Know (really know) what you’re buying
Competitive supplier pricing is often very clever so make sure you know what is included in your prices, and most importantly what is excluded.
Making sure you understand what is included (and excluded) within the different options is crucial to picking the one best for your business.
I often have conversations where the buyer has chosen something else and has almost instantly seen price creep; “that’s not in scope”, “that’s only for one per month”, “that’s not considered standard to will be additional”. It goes without saying that if a customer wants to do more stuff, it will cost additional but understand what that looks like before you move forward. Know your scope, know the supplier’s scope and go in with your eyes open.
Equally know what is and isn’t included as standard, as your requirements might not always come as standard services. Integration, re-running a payroll, extracting data, producing specific reports, one off payments, off-cycle payroll, data adjustments (etc.) are all potential to be provided as an additional charge and not as standard. The list is endless and different per provider so understanding your business requirements and where these sit in the offering is vital.
It isn’t a dark art, it isn’t wrong, and its arguably clear in the commercials. But it enables suppliers to be competitive. And as most suppliers are doing a very similar thing, for a very similar cost base, then question the cheap options as these kinds of ‘exclusions to standard’ will likely be more prevalent.
Comparing apples with apples
What is especially important (and hopefully becoming clearer now) is that for HR & payroll services, you really cannot compare one with the other like you can with a commodity. The market is highly competitive, with multiple variables, which ultimately impact price. It isn’t just payroll. It isn’t just running payroll for you. There is so much flexibility in the technology and services across a wide variety of suppliers which make it really difficult to compare suppliers within the industry at face value.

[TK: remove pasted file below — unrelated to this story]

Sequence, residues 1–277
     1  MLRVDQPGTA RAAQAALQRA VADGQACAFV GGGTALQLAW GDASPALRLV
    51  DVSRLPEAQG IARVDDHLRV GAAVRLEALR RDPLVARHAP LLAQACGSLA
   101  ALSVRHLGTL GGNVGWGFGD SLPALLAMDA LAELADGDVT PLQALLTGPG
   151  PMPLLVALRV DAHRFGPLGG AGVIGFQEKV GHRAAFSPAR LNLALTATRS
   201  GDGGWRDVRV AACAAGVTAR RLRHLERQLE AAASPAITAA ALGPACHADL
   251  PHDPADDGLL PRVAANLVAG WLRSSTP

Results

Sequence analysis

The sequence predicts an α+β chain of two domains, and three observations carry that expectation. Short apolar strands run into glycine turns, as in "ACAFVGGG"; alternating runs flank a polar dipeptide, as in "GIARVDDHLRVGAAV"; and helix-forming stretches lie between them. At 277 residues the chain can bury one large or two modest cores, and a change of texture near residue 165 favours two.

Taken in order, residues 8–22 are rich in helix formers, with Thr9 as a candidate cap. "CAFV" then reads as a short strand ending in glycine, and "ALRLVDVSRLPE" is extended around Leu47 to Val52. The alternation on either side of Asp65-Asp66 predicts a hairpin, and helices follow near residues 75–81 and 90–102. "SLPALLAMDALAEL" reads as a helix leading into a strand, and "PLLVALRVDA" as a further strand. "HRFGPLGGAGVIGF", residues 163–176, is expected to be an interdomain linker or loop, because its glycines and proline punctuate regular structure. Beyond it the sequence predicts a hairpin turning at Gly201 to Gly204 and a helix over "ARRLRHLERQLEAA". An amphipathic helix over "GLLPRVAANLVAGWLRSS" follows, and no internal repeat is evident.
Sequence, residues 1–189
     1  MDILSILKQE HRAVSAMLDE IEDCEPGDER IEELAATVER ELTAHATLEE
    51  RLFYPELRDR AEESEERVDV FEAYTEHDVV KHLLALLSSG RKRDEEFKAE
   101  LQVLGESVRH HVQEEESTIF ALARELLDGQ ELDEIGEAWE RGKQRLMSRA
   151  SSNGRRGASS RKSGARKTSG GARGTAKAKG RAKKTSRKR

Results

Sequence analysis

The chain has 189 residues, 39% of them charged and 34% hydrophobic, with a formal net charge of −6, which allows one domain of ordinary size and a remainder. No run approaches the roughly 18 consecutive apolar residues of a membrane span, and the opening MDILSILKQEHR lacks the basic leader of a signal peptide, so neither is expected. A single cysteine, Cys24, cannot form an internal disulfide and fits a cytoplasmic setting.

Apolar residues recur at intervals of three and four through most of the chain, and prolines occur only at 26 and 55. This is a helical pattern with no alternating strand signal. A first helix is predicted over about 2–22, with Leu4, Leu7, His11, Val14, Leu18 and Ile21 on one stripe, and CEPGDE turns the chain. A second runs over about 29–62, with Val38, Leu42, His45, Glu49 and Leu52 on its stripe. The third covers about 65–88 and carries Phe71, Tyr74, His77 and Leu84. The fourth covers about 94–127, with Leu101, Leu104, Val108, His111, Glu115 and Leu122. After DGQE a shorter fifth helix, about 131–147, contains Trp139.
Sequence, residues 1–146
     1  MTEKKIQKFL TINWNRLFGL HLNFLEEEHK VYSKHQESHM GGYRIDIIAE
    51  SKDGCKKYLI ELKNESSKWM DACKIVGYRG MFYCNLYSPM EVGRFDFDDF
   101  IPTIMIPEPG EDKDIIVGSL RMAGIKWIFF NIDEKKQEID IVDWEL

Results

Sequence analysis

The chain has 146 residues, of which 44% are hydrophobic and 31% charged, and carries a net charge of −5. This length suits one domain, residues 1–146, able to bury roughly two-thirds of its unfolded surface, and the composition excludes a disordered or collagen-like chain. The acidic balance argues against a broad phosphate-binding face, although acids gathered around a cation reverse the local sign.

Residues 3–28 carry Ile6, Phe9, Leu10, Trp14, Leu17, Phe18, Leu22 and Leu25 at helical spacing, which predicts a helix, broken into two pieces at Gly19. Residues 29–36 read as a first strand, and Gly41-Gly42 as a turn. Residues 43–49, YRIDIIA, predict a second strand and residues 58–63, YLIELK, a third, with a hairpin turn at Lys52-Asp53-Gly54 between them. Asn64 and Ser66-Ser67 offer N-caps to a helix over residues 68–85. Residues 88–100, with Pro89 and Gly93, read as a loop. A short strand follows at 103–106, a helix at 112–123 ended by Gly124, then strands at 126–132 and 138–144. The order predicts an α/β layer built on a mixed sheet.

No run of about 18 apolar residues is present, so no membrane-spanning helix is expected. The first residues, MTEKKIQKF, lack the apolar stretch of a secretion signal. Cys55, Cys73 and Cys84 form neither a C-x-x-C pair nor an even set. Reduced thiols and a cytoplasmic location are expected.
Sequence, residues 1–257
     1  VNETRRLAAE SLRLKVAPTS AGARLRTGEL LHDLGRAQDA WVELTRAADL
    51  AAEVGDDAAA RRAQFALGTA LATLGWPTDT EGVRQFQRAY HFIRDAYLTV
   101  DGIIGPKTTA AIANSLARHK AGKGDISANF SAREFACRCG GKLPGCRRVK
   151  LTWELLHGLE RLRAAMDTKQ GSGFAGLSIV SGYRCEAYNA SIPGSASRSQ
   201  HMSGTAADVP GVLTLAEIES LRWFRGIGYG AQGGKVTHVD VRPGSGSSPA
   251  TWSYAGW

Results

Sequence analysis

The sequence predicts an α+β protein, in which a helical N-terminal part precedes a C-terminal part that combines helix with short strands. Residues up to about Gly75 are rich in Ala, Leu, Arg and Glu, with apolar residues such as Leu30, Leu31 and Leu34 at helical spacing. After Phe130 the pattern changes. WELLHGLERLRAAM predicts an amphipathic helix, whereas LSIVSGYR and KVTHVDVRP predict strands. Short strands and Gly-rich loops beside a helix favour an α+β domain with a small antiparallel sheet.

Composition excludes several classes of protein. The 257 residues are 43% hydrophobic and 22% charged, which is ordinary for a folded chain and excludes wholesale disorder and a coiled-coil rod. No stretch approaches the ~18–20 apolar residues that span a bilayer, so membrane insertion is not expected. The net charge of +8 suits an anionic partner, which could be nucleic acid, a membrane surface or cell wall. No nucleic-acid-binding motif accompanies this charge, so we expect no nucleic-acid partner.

The way procurement often fails the business is that the scoring method used for procuring HR & payroll services is conducted in the same way in which a supplier of something more commodity based is scored. Would you compare and buy a holiday the same way you compare and buy baked beans? The intricacies of a selecting the right holiday versus selecting a tin of baked beans is worlds apart, quite similar in complexity to choosing the right HR & payroll services.
My advice for the business is to work with procurement to adapt to the complexity of what is being procured. Find a better way to score the responses. Work with procurement to support the business rather than lead the business, as otherwise these intricate process requirements and technology differences are often missed.
So, there you have it. Procurement, especially for HR & payroll services is undoubtedly a complex process with many moving parts and requiring input from many people. However, I firmly believe that if buyers take the time to prepare and understand roles through the procurement process, we can achieve a more efficient, cost-effective process, which undoubtably will always result in the purchasing of a product which truly meets the businesses requirements.